In the latest in Florida’s weed wars, an organization representing a handful of the state’s black farmers is admitting it closed its membership after the Legislature passed a law requiring the state to give someone in the group a medical marijuana license.
The new law, passed during a special session in June, called for an overall increase of 10 licenses by Tuesday (health officials said late last week they couldn’t meet the deadline of granting five licenses by Oct. 3).
One of the five licenses is required to go to a black farmer who is a member of the Black Farmers and Agriculturalists Association (Florida Chapter) and who was part of settled lawsuits, known as the “Pigford” cases, about discrimination by the federal government against black farmers.
Columbus Smith, a black farmer from Panama City, filed a lawsuit against the state last month, challenging the constitutionality of the law.
Smith alleges that the law is so narrowly drawn that only a handful of black farmers could qualify for the license. The lawsuit contends that the measure is what is known as an unconstitutional “special law.”
In the lawsuit, Smith claims he tried to join the black farmers’ association but was told the group isn’t taking new members. He also said that there the organization currently has only only three to five members.
The organization conceded that it closed its rolls after the law was passed, but that it will establish a “trust fund from the proceeds of the profits of the medical marijuana business that the state of Florida has set aside for our organization” to benefit Florida Pigford litigants.
In a press release, the BFAA-FL said the association has been “inundated” with calls and internet requests for information.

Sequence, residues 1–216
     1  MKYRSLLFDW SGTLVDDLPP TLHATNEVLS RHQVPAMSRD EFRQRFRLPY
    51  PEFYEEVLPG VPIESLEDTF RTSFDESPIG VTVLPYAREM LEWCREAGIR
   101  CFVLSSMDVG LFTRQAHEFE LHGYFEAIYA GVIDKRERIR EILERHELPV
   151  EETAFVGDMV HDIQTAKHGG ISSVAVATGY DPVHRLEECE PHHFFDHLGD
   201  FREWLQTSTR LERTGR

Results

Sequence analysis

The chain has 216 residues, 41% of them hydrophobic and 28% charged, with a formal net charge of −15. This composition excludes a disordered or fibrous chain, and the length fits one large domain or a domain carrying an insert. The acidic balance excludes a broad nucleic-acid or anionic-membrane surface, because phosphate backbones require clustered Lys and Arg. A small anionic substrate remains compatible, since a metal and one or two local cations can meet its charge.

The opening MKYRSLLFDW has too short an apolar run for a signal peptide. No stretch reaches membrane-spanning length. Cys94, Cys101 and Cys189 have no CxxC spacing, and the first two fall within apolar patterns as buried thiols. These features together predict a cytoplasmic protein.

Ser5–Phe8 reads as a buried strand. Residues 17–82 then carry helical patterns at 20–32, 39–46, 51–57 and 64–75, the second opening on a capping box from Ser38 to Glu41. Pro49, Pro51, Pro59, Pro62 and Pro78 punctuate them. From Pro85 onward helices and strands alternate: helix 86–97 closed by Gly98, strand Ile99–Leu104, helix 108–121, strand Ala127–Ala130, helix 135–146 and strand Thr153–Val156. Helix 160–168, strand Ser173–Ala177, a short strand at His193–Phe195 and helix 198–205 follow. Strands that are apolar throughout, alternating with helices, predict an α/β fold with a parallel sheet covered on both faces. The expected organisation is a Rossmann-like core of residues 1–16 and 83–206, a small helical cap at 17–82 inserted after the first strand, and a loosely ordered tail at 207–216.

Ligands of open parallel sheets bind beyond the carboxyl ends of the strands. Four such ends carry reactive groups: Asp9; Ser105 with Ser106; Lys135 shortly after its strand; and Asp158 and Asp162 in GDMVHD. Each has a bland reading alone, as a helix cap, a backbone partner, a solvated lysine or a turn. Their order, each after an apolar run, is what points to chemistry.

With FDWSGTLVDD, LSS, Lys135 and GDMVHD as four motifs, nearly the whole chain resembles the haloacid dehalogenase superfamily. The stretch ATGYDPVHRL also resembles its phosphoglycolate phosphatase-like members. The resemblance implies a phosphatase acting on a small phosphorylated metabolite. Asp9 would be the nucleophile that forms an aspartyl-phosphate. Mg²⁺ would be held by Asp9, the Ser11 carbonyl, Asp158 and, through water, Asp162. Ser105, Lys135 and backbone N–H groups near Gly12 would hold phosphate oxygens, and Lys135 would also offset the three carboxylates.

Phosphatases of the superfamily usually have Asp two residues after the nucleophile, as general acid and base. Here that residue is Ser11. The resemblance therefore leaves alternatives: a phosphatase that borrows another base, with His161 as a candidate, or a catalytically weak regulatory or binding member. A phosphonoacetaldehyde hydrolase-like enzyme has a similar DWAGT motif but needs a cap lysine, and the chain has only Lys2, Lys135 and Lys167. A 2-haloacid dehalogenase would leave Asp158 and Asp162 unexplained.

“The vast majority of these requests were solely for the purpose of applying for the Pigford Litigants / Claimants medical marijuana license. At the direction of our Board of Directors, and in preparation for applying for the license before the growing/harvesting season, we closed our membership even though membership in BFAA-FL is not solely to meet the requirement for MMTC licensure. We will reopen our membership after the State has issued a medical marijuana license,” the release reads.
Black farmers who aren’t part of the association can still apply for one of the four other licenses, the release points out. Health officials are giving extra points to applicants who can show minority participation in their operations.
“BFAA-FL is excited to help grow more minority participation in the new cannabis industry that has taken America and most of the world by storm. The organization is excited to see the State of Florida embrace minority participation in next round of minority applications. More importantly, BFAA-FL is excited to announce the grant that will be part of helping change the exclusionary process that has plagued the industry,” the release said.